Report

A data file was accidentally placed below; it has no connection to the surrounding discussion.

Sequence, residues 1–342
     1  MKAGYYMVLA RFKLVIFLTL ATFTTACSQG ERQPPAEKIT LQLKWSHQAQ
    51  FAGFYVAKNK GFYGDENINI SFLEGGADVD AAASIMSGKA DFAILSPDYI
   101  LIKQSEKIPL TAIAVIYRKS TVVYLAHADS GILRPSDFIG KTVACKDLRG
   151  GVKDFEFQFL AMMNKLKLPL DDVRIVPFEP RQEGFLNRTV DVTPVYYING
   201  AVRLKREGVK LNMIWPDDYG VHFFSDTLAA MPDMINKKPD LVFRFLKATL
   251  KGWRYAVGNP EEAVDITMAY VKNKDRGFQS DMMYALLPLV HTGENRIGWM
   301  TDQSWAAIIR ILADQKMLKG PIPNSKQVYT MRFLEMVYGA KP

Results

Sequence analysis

Tutorial sesion: m 00 m 10 M m 20 m 30 m 01 m 02 m 11 m 12 m 21 m 22 m 31 m 32 m 03 m 13 m 23 m 33 Mueller Matrix Ellipsometry Oriol Arteaga Dep. Applied Physics and Optics University of Barcelona Outline • • • • • Historical introduction Basic concepts about Mueller matrices Mueller matrix ellipsometry instrumentation Further insights. Measurements and simulations Symmetries and asymmetries of the Mueller matrix. Relation to anisotropy. • Applications and examples • Concluding remarks Historical introduction Historical introduction G G. Stokes in 1852 Francis Perrin in 1942 Stokes Parameters 90 years, almost forgotten! F. Perrin, J. Chem. Phys. 10, 415 (1942). Translation from the french: F. Perrin, J. Phys. Rad. 3, 41 (1942) Historical introduction 1929 1852 G G. Stokes (1819-1903) Paul Soleillet (1902-1992) Stokes Parameters P. Soleillet, Ann. Phys. 12, 23 (1929) 1942 1943 Francis Perrin (1901-1992) Hans Mueller (1900-1965) F. Perrin, J. Phys. Rad. 3, 41 (1942) K. Järrendahl and B. Kahr, Woollam newsletter, February 2011, pp. 8–9 H. Mueller, Report no. 2 of OSR project OEMsr-576 (1943) Historical introduction • P. S. Hauge, Opt. Commun. 17, 74 (1976). • R. M. A. Azzam, Opt. Lett. 2, 148-150 (1978). “Generalized ellipsometry” Web of Science Citation Reports Instrumental papers about the dual rotating compensator technique “Mueller matrix ellipsometry” “Mueller matrix spectroscopic ellipsometry” Basic concepts about Mueller matrices Basic concepts about Mueller matrices I I I S0 S1 Ix Iy Q Ip cos( 2 ) cos( 2 ) S U S 2 I 45 I 135 Ip cos( 2 ) sin( 2 ) S I I V Ip sin( 2 ) 3 No depolarization: S out MS in I Q U V 2 2 m 00 m 10 M m 20 m 30 I p χ φ Intensity Degree of polarization Azimuth Ellipticity 2 m 01 m 02 m 11 m 12 m 21 m 22 m 31 m 32 m 03 m 13 m 23 m 33 Phenomenological description of any scattering experiment Basic concepts about Mueller matrices. No depolarization A nondepolarizing Mueller matrix is called a Mueller-Jones matrix Equivalence S out MS A Jones or Mueller-Jones Jones depends on 6-7 parameters. E out JE in in rpp J rsp M is 4x4 real rps is 2x2 complex matrix rss Transformation M T ( J J *) T -1 1 1 T 0 0 0 0 0 0 1 1 i i 1 1 0 0 But note that the 16 elements of a MuellerJones matrix can be still all different! Basic concepts about Mueller matrices. No depolarization and isotropy All modern ellipsometers measure elements of the Mueller matrix. This is a common representation for isotropic media: p J sample M sample rp 0 1 N 0 0 0 rs s s N 0 1 0 0 C 0 S ( real i imag ) p rp rs N cos( 2 ) 0 0 S C tan( ) e S sin( 2 ) sin( ) C sin( 2 ) cos( ) Standard ellipsometry: • Thickness measurements of thin films • Optical functions of isotropic materials N S C 1 2 i 2 C iS 1 N 2 This Mueller matrix depends only on 2 parameters Basic concepts about Mueller matrices. Depolarization Depolarization is the reduction of the degree of polarization of light. Typically occurs when the emerging light is composed of several incoherent contributions. Reasons: Sample exhibits spatial, temporal or frequency heterogeneity over the illuminated area Quantification of the depolarization: Depolarization index (DI) DI m ij m 00 2 ij 2 0 DI 1 3m 00 J. J. Gil, E. Bernabeu, Opt. Acta 32 (1985) 259 The DI of a Mueller-Jones matrix is 1 Mueller matrix ellipsometry instrumentation Mueller matrix ellipsometry instrumentation PSG PSA P C • Polarization state generator: PSG • Polarization state analyzer: PSA C P In a MM ellipsometer the PSG and PSA typically contain: • A polarizer (P) • A compensating or retarding element (C) One exception: division-ofamplitude ellipsometers Mueller matrix ellipsometry instrumentation The compensating element is the main difference between different types of Mueller matrix ellipsometers Rotating Retarders • Fixed Retardation • Changing azimuth • Waveplates are not very acromatic • Fresnel rohms are hard to rotate • Mechanical rotation P. S. Hauge, J. Opt. Soc. Am. 68, 1519-1528 (1978) Liquid cristal cells E. Garcia-Caurel et al. Thin Solid Films 455 120-123 (2004). Piezo-optic modulators (photoelastic modulators) • Variable Retardation • Not transparent in the UV (nematic LC) • Temperature dependence • Changing azimuth • No frequency domain analysis (ferroelectric LC) • Variable Retardation • Two PEMs for each PSG or PSA • Fixed azimuth • Too fast for imaging O. Arteaga et al. Appl. Optics 51.28 6805-6817 (2012). Electro-optic modulators (Pockels cells) R. C. Thompson et al. Appl. Opt. 19, 1323–1332 (1980). • Variable Retardation • Two cells for each PSG or PSA • Fixed azimuth • Small acceptance angle • Too fast for imaging Mueller matrix ellipsometry instrumentation The PSA and PSG of Mueller matrix ellipsometers are no different from other Mueller matrix polarimetric approaches Normal-incidence reflection imaging based on liquid crystals Mueller matrix microscope with two rotating compensators O. Arteaga et al, Appl. Opt. 53, 22362245 (2014) 80 um spectroscopic polarimeter based on four photoelastic modulators Instrumentally wise no different from a MM ellipsometer. Lots of imaging applications in chemistry, medicine, biology, geology, etc. Further insights Measurement and simulations Further insights. Measurement and simulations A spectroscopic Mueller matrix ellipsometer produces this type of data: Is this MM depolarizing? If the depolarization is not significative we can find a proper non-depolarizing estimate Further insights. Measurement and simulations Simulation usually generates a Jones/Mueller-Jones matrix (coherent model) Measurement: Mueller matrix Objective: Finding a good nondepolarizing estimate (a Mueller-Jones matrix) for a experimental Mueller matrix One option, 2 M M J ij min 2 ij i, j Cloude estimate using the Cloude sum decomposition M 0 M J 0 1M J 1 2 M J 2 3 M J 3 M 0M J 0 S. R. Cloude, Optik 75, 26 (1986). R. Ossikovski, Opt. Lett. 37, 578-580 (2012). Further insights. Measurement and simulations. Example Experimental Mueller matrix m DI 2 ij m 00 ij 2 0 . 963 3 m 00 1. Calculate the Coherency matrix Coherency matrix, H 2. Calculate the eigenvectors of H (is a hermitian matrix, so eigenvectors are real) 0 0 . 972 2 0 . 009 1 0 . 022 3 0 . 003 M 0 M J 0 1M J 1 2 M J 2 3 M J 3 M 0M J 0 Further insights. Measurement and simulations. Example 3. The eigenvector corresponding to 0 defines the Jones matrix corresponding to M J 0 rpp 0 1 rps 2 i 3 rsp 2 i 3 rss 0 1 Jones matrix Initial Experimental Mueller matrix Best nondepolarizing estimate Suitable to compare with coherent models Further insights. Measurement and simulations. Expressing nondepolarizing data 1 rpp J rsp rps rss 3 2 rpp tan( ) e L LB iLD i ( 1 ) i rss ps rps ps rsp L ' LB ' iLD ' i ( ps tan( )e ps tan( )e sp rss rss i ps i sp C CB iCD ( ps TK sin( T ) T cos 1 [ K ( 1) / 2 ] K [ ps sp ] For the previous example: 2 1 O. Arteaga & A. Canillas, Opt. Lett. 35, 559-561 (2010) 3 32 . 3 º 0 . 359 0 . 227 i 23 . 0 º ps 0 . 166 0 . 250 i sp 0 . 114 0 . 231 i sp 14 . 5 º sp 63 . 9 º ps 1 / 2 This notation is very suitable for sp ) normal-incidence transmission and reflection data: sp ) CD: circular dichroism/diatt. CB: circular birefrigence/retard. LD: horiz. linear dichroism/diatt. ... etc 16 . 7 º ps 56 . 4 º CD 0 . 012 CB 0 . 082 LD 0 . 885 LB 0 . 510 LD ' 0 . 544 LB ' 0 . 635 Mueller matrix symmetries and anisotropy Mueller matrix symmetries and anisotropy The MM elements with an asteriks vanish in absence of absorption and J is real (asumming semi-infinite substrate as a sample) In the isotropic case 1 1 m 01 M 0 0 m 01 0 1 0 0 m 22 0 m 23 * 0 0 m 23 * m 22 rp J 0 0 rs But this symmetry also applies to some situations with anisotropy! Biaxial (orthorombic) Uniaxial Arrows are O. A. Biaxial (monoclinic) Arrow is P. A. Mueller matrix symmetries and anisotropy 2 1 m 01 M m 02 m 03 * m 01 m 02 m 11 m 12 m 12 m 22 m 13 * m 23 * m 03 * m 13 * m 23 * m 33 rpp J rps rps rss The MM elements with an asteriks vanish in absence of absorption and J is real (asumming semi-infinite substrate as a sample) Biaxial (orthorombic) Uniaxial Biaxial (monoclinic) Arrows are O. A. Arrow is P. A. Mueller matrix symmetries and anisotropy 3 1 m 01 M m 02 m 03 * Uniaxial Arrow is O. A. m 01 m 02 m 11 m 12 m 12 m 22 m 13 * m 23 * m 03 * m 13 * m 23 * m 33 rpp J rps rps rss Biaxial (orthorombic) Arrows are O. A. The MM elements with an asteriks vanish in absence of absorption and J is real (asumming semi-infinite substrate as a sample) Biaxial (monoclinic) Arrow is P. A. Mueller matrix symmetries and anisotropy 4 1 m 01 M m 02 * m 03 m 01 m 02 * m 11 m 12 * m 12 * m 22 m 13 m 23 * m 03 m 13 m 23 m 33 rpp J rps rps rss Bi-isotropic media The MM elements with an asteriks vanish in absence of absorption and J is imaginary (asumming semi-infinite substrate as a sample) Applications and examples Applications and examples. A general idea about anisotropy Instrinsic anisotropy vs structural/form anisotropy m 00 m 10 M m 20 m 30 E.g. Reflection on a calcite substrate AOI 65o o 2 . 749 e 2 . 208 m 01 m 02 m 11 m 12 m 21 m 22 m 31 m 32 m 03 m 13 m 23 m 33 Expect small values of these elements for intrinsic anisotropy Applications. Dielectric tensor of crystals Measure the complex dielectric function (DF) tensor above and below the band edge = () The dielectric tensor is symmetric 11 ε 12 13 12 22 23 13 23 A magnetic field breaks the symmetry. E.g. MOKE 33 ′ = The principal values of the tensor correspond to crystal symmetry directions for isotropic, uniaxial and orthorhombic materials Berreman’s 4x4 complex formalism is used to calculate ρ, ρsp and ρps from elements of and the angle of incidence (a fully analytical treatment is sometimes possible). Applications. Dielectric tensor of crystals General scheme of the approach: EXPERIMENT THEORY MUELLER MATRIX CONSTITUTIVE TENSORS e.g. Cloude’s JONES MATRIX MAXWELL EQUATIONS (Berreman formulation) MATRIX MULTIPLICATION of complex 4x4 matrices (forward and backward propagating waves) Applications. Dielectric tensor of crystals Rutile (Uniaxial) G. E. Jellison, F. A. Modine, and L. A. Boatner, Opt. Lett. 22, 1808 (1997). Jellison and Baba, J. Opt. Soc. Am. 23, 468 (2006). Applications. Dielectric tensor of crystals Rutile (Uniaxial) Applications. Dielectric tensor of crystals 11 ε 12 0 12 22 0 0 0 33 Monoclinic CdWO4 Jellison, McGuire, Boatner, Budai, Specht, and Singh, Phys. Rev. B 84, 195439 (2011). Note that a non-diagonal dielectric tensor can led to a block diagonal MM Mueller matrix Scatterometry (Form anisotropy) Measurements in periodic grating-like structures Analysis of the Zeroth-order diffracted light (specular reflection). n 2 sin( m ) n i sin( i ) m e-beam patterned grating structure P Qualitative understanding of the measurements is posible attending to MM symmetries, and Rayleigh anomalies of higher orders. Energy distribution to higher orders Expect the same symmetries as for a sample with optic axis lying in the plane of the sample Trench nanostructure encountered in the manufacturing of flash memory storage cells Rigorous-coupled wave analysis (RCWA). Field components expanded into Fourier series Mueller matrix Scatterometry S. Liu, et al., Development of a broadband Mueller matrix ellipsometer as a powerful tool for nanostructure metrology, Thin Solid Films , in press Mueller matrix Scatterometry S. Liu, et al., Development of a broadband Mueller matrix ellipsometer as a powerful tool for nanostructure metrology, Thin Solid Films , in press Helicoidal Bragg reflectors Cholesteric liquid crystal 0 n Average p peak 0 cos i pn n n slow n fast Classical approximate formulas for Bragg reflection from liquid cholesteric crystals Structural chirality, no real magnetoelectric origin. Helicoidal Bragg reflectors 1 m 01 M m 02 * m 03 m 01 m 02 * m 11 m 12 * m 12 * m 22 m 13 m 23 * AOI 35 AOI 50 AOI 60 AOI 70 Macraspis lucida P 282 nm m 03 m 13 m 23 m 33 Helicoidal Bragg reflectors 1 m 01 M m 02 * m 03 H. Arwin et al. Opt. Express 21, 22645-22656 (2013). H. Arwin, et al. Opt. Express 23, 1951-1966 (2015). m 01 m 02 * m 11 m 12 * m 12 * m 22 m 13 m 23 * m 03 m 13 m 23 m 33 Plasmonic nanostructures Typically measurements are made on 2D periodic nanostructures with characteristic dimensions comparable or smaller than the wavelength of light Big spatial dispersion effects D i ij ( , k ) E j a ~ The electric polarization at a certain position is determined not only by the electric field at that position, but also by the fields at its neighbors d= 250 nm a= 530 nm …. And the neighbors change depending on how we orient the sample in the ellipsometer…. Plasmonic nanostructures Projections of a square lattice TILT In transmission a square lattice is isotropic This what the photons of the ellipsometer will “see” RECTANGULAR RHOMBIC OBLIQUE Plasmonic nanostructures B. Gompf et al. Phys. Rev. Lett. 106, 185501 (2011) Plasmonic nanostructures Even a highly symmetric plasmonic nanostructure must be described by a nondiagonal, asymmetric Jones matrix whenever the plane of incidence does not coincide with a mirror line O. Arteaga, et al., Opt. Express., 22, 13719, (2014) Concluding remarks I have a isotropic sample, should I study with Mueller matrix ellipsometry? Yes, it never hurts. Having access to the whole MM also helps to verify the alignment of the sample. I have an anisotropic sample, can I study it with standard ellipsometry? Most likely yes, although Mueller matrix ellipsometry is arguably better suited. Reorientations are going to be necessary. Will fail if there is some significant depolarization I have an optically active sample, can I study it with standard ellipsometry? And with Mueller ellipsometry? Not with standard ellipsometry. Possibly with Mueller ellipsometry. But be aware! In reflection you will be NOT measuring directly optical rotatory dispersion or circular dichroism. Summary of ideas to take home • When posible (small depo) convert a experimental MM in a MuellerJones matrix or a Jones matrix and work from that • Symmetries or assymetries of a MM give information about the orientation the sample and/or the crystallographic system m 00 m 10 M m 20 m 30 m 01 m 02 m 11 m 12 m 21 m 22 m 31 m 32 m 03 m 13 m 23 m 33 • For intrinsic anisotropy the non-diagonal Jones elements are small and the Mueller matrix is close to a NSC matrix. If they are large suspect about structure-induced anisotropy or misalignement of the sample • Mueller matrix ellipsometry has the same applications as standard ellipsometry, plus it handles accurately anisotropy and depolarization. Important for crystals, nanotechnology, scatterometry, etc Some further references MM symmetries MM scatterometry • O. Arteaga, Thin Solid Films 571, 584-588 (2014) • H. C. van de Hulst, Light scattering by small particles, New York, Dover (1981) • A. De Martino et al., Proc. SPIE 6922, 69221P (2008). • S. Liu, et al., Development of a broadband Mueller DF of low symmetry crystals • G. E. Jellison et al., Phys Rev. B 84, 195439(2011) • MI Alonso et al., Thin Solid Films 571, 420-425 (2014) • G. E. Jellison et al. J. Appl. Phys. 112, 063524 (2012) MMs at normal incidence transmission • R. Ossikovski, Opt. Let. 39,2330-2332 (2011). • O. Arteaga et al, Opt. Let. 35, 559-561 (2010) • J. Schellman, Chem. Rev., 87, 1359-1399 (1987) MMs at normal-incidence reflection • O. Arteaga et al. Opt. Let. 39, 6050-6053 (2014) matrix ellipsometer as a powerful tool for nanostructure metrology, Thin Solid Films , in press MM and metamaterials • T. Oates et al., Opt. Mat. Expr. 2646, 2014. Acknowledgments R. Ossikovski (EP), A. Canillas (UB), S. Nichols (NYU) , G. E. Jellison (ORNL) [email protected] http://www.mmpolarimetry.com